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ETF Tracking Question

We know that ETFs (like QQQ) track indexes (like $NDX). We know that on any given day, the ETF won't be exactly the price of the index. We know that over time, however, the ETF price will fluctuate around the index.

What I don't understand is why this ratio ($NDX:QQQ in this case) doesn't vary around some constant ratio. Instead, it shows an obvious negative slope over time. Other ratios ($SPX:SPY, $INDU:DIA) exhibit the same non-horizontal shape. One example is shown below.

I just want to know why the chart doesn't show a horizontal shape. (Is it related to the cumulative tracking error, and if so, how?)

Best Answer

  • gordgord admin
    edited March 2016 Answer ✓
    Yes this is a common mistake, the problem is with the ratio you are using. $SPX is an index, were as SPY is an ETF which pays a dividend quarterly along with an expense ratio charge, (currently 0.09%).

    Now the expense charge is very small and hard to really pick out on the chart, but the dividend adjustments make quite a difference and this is what you are seeing. To avoid this, ratio the $SPX (unadjusted index) with the unadjusted SPY (just put an underscore in front of the symbol _SPY).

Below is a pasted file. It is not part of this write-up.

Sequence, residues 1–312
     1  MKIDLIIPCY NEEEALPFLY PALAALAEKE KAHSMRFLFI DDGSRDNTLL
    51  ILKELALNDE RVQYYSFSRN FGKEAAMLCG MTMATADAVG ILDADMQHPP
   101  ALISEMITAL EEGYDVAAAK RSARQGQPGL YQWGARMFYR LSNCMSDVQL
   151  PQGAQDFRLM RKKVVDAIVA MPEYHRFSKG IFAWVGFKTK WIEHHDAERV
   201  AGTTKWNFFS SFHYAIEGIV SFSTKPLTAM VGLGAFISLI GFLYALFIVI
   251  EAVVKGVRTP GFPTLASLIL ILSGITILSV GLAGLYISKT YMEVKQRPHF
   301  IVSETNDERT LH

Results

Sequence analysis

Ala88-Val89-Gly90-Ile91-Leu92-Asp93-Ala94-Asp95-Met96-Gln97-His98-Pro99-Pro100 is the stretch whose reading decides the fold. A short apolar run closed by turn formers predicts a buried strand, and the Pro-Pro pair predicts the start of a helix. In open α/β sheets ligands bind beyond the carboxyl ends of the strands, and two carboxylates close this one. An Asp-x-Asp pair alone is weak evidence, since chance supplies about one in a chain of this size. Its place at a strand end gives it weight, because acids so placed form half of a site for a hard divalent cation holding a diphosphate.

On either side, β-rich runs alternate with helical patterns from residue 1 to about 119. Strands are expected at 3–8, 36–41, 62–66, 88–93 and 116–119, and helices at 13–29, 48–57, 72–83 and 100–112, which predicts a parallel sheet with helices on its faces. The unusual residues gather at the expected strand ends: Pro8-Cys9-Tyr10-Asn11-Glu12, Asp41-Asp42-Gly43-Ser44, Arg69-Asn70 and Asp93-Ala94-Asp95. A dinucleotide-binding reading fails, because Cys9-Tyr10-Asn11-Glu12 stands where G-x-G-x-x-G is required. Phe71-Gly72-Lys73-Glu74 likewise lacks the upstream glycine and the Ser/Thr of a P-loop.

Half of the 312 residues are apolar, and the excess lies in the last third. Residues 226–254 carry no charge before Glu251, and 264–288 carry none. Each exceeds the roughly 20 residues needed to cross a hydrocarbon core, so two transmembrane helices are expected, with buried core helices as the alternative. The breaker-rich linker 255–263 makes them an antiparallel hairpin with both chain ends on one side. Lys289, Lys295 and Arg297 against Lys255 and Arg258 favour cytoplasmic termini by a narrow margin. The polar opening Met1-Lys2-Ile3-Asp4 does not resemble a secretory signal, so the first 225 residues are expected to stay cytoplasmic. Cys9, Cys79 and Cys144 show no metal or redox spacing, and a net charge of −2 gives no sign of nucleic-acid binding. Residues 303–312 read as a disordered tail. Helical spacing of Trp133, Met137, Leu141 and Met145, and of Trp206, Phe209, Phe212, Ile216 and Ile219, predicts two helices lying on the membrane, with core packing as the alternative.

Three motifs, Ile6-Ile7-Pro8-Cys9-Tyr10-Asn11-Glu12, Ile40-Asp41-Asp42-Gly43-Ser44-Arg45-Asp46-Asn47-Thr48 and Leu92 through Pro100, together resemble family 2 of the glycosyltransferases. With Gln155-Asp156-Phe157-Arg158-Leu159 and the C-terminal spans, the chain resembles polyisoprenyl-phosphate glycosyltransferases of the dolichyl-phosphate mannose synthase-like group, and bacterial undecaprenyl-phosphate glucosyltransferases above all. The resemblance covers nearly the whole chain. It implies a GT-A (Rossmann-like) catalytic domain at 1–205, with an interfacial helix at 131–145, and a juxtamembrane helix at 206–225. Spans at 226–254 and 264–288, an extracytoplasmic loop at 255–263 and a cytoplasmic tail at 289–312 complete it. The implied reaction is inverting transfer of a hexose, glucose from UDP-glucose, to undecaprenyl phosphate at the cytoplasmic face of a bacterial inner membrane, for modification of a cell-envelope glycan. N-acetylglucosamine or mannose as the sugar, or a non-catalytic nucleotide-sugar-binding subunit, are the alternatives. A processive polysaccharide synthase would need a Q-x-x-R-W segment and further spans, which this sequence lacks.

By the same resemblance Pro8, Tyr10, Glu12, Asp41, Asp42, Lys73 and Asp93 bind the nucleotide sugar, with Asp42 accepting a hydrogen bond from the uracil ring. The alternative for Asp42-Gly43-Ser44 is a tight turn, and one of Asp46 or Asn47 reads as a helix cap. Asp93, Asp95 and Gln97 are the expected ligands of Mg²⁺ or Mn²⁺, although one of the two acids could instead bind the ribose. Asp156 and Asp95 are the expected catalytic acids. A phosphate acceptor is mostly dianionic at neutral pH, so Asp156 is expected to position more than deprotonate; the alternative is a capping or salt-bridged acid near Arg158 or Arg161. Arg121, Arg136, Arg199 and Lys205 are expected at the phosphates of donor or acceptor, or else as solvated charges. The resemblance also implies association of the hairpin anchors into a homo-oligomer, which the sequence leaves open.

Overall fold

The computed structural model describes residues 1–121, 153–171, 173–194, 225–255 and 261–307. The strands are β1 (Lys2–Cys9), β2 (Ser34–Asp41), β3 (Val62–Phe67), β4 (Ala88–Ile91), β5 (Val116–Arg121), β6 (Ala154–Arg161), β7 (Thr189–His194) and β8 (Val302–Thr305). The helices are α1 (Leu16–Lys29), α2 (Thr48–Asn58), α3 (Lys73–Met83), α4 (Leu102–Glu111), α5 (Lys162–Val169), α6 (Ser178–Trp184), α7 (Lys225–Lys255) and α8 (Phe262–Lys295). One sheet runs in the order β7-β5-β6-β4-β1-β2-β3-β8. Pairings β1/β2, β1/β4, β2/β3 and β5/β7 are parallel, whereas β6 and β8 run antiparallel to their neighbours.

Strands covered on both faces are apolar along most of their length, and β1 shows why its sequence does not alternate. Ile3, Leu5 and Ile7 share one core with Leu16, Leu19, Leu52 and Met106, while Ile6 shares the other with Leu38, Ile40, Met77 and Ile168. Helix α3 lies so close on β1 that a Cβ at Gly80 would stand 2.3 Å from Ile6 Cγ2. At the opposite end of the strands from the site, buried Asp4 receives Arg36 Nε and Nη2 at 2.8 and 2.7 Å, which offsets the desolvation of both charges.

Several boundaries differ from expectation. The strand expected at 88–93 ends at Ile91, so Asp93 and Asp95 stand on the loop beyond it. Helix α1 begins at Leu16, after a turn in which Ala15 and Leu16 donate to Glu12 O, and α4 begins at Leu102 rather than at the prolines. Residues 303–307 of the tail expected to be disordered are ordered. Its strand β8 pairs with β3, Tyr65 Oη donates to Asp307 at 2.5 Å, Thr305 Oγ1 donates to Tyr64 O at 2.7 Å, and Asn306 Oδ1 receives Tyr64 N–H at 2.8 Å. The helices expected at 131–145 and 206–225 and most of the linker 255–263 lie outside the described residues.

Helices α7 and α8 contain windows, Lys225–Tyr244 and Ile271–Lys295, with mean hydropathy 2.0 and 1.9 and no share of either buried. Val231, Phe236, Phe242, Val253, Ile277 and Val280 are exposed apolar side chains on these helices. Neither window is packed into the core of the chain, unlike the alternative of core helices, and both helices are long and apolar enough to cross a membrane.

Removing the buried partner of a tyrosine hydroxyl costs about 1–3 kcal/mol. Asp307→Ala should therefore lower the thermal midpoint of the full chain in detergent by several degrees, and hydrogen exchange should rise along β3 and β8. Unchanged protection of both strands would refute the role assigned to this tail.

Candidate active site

Now to see this a little more closely I've changed to a line chart which only shows the "close" instead of the OHLC which is very noisy chart. I've also zoomed in to just 2 years to get a little more detail and added "Events" to show when the dividends happened.

    Hope this clears things up.


  • That was a great explanation. Thanks very much. (I had never heard of the unadjusted ETF trick.)
  • Note you can use the underscore in front of any symbol that pays dividends or has adjustments (not just ETF's), to chart the unadjusted (raw) data.
  • can u give me symbols for etf ie airlines, biotech etc so that i can find their SCTR
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